20. Possible Results • cabbage

  21. Blueberry based indicator

  22. Reactions Involving Acids

  23. Acid & Base Reactions(neutralisation) • Neutralisation: when acid and base react & bring their pHs closer to 7 and a salt and water are produced. • If complete neutralisation occurs: • Sour acid taste disappears • Salty taste increases • Indicators show a pH of 7 • Reaction: General: acid + base  salt + water Word: Hydrochloric acid + sodium hydroxide  sodium chloride + water Symbol: HCl + NaOH  NaCl + H2O • How could you prove a salt was made? • Evaporate the water off, look for crystallisation salt crystals (other chemical tests needed to prove the type of salt)

  24. Everyday Neutralisation Reactions

  25. Naming salts: 1st part from the metal, 2nd part from the acid ending pH becomes neutral! Acid + Metal  Salt + Hydrogen Gas • Example Nitric acid + potassium  potassium nitrate + hydrogen gas • More Examples Sulfuric acid + magnesium  magnesium sulfate + hydrogen gas Hydrochloric acid + sodium  sodium chloride + hydrogen gas • Chemical Equation Examples: HNO3 + K  KNO3 + H2 H2SO4 + Mg  MgSO4 + H2 HCl + Na  NaCl + H2 Test for H2: pop! test

  26. Acid & Carbonate Reactions(a type of acid & base reaction) Acid + Carbonate  Salt + Carbon dioxide + water • Example Nitric acid + calcium carbonate  calcium nitrate + carbon dioxide + water • More examples Sulfuric acid + copper carbonate  copper sulfate + carbon dioxide + water • Chemical equation examples: HCl + MgCO3  MgCl2 + CO2 + H2O H2SO4 + PbCO3 PbSO4 + CO2 + H2O Naming salts: 1st part from the metal, 2nd part from the acid ending pH becomes neutral! Test for CO2: bubble through limewater (cloudy = CO2) or lit match extinguishes

  27. ?What is this slide? • Al2(CO3)3 + 6HNO3 2Al(NO3)3 + 3H2CO3 • Al2(CO3)3+ 3H2SO4  Al2(SO4)3 + 3CO2 + 3H2O

  28. Balanced Chemical Equations 1 Can’t change element type (we’re doing chemical reactions, not nuclear so same types of atoms must be on each side of the reaction) AND Can’t get something from nothing (the total numbers of atoms on each side of the reaction must be the same) 2 Problem as 2 x H on the right and 1 x H on left. Can’t make HNO3 become H2NO3 as that’s not nitric acid anymore! HNO3 + K  KNO3 + H2 3 But can have extras of any whole molecule by putting numbers IN FRONT 4 For example, the red two fixes the hydrogen problem (now two on each side, but now have a NO3 imbalance. 5 The green two fixes NO3, and introduces a K imbalance which is solved with the blue two and we now have the same number of each type of atom on both sides. The equation is balanced! 2HNO3 + K  KNO3 + H2 2HNO3 + K  2KNO3 + H2 2HNO3 + 2K  2KNO3 + H2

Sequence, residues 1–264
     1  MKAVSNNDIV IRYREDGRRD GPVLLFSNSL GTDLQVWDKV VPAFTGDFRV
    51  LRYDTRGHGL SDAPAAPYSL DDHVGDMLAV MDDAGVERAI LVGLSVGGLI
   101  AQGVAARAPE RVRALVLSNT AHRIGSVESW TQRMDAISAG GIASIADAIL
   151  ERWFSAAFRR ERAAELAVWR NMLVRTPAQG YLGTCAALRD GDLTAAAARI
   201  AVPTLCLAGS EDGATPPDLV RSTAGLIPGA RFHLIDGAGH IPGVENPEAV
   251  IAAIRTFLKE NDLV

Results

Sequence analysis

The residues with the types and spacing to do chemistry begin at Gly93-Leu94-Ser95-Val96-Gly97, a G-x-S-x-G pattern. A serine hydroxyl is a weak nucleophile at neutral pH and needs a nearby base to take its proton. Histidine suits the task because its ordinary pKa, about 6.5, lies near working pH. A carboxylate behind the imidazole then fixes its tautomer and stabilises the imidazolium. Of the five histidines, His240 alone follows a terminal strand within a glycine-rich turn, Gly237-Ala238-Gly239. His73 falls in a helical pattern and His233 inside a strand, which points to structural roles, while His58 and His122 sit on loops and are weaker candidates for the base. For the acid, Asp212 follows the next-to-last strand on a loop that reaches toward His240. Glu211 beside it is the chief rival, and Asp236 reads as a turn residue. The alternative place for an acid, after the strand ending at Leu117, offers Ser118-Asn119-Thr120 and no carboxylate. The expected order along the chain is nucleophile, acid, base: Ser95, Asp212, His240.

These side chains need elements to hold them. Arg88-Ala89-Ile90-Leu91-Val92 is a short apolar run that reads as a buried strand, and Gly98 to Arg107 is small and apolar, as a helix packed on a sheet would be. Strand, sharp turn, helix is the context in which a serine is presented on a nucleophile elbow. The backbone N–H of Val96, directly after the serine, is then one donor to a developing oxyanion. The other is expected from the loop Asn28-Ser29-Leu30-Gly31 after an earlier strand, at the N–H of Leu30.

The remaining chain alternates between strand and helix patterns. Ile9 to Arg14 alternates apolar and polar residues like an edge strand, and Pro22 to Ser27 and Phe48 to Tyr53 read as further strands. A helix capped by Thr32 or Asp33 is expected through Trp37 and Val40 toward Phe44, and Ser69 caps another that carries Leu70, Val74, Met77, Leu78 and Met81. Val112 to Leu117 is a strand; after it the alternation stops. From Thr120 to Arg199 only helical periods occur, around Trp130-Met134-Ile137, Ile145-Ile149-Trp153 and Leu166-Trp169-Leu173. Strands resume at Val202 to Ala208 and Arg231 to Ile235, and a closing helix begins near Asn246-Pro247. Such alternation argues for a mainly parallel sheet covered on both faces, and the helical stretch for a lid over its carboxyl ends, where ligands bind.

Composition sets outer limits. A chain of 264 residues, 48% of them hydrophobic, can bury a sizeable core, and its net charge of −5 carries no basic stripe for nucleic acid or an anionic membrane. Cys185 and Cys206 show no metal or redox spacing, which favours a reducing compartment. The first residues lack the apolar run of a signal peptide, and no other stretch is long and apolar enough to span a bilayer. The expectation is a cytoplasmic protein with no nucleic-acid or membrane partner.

29. Try balancing these: The reaction of sodium in water (makes sodium hydroxide and hydrogen gas) Na + H2O -> NaOH + H2

  30. Baking Soda + Vinegar • Word: Acetic acid + sodium bicarbonate  sodium acetate + water + carbon dioxide • Symbols: CH3COOH + NaHCO3  NaCOOH + H2O + CO2 • Balanced: CH3COOH + 2NaHCO3  2NaCOOH + H2O + 2CO2

  31. Recipe 1T raro 1t citric acid 1t tartaric acid 1t sodium bicarbonate (baking soda) 1C icing sugar Mix, serve Recipe Using Formulae 1T raro 1t ____________ 1t C4H6O6 1t ____________ 1C ____________ Mix, serve Sherbet(an acid / base reaction) T = tablespoon, t = teaspoon, C = cup

  32. Sherbet Questions • Rewrite recipe using chemical formulae • Explain why you can safely eat the acids 3) Describe what happens in your mouth 4) What is the name of this type of reaction 5) Why don’t the acids/base react as soon as they are mixed in the cup? 6) Why is so much sugar needed? 7) *Write a word equation for the reaction 8) **Write a chemical equation for the reaction 9) ***Write a balanced chemical equation

  33. Sherbet Questions • . • They are weak acids 3) The acids and base react, fizzing 4) Neutralisation 5) When dry they can’t react, need water (from saliva) 6) Because the acids taste sour 7) Citric Acid + Tartaric Acid + Baking Soda  Carbon Dioxide + Water + Sodium citrate + Sodium tartate 8) C6H8O7 + ??? + H2O + NaHCO3 CO2 + H2O + Na??? + Na ??? 9) .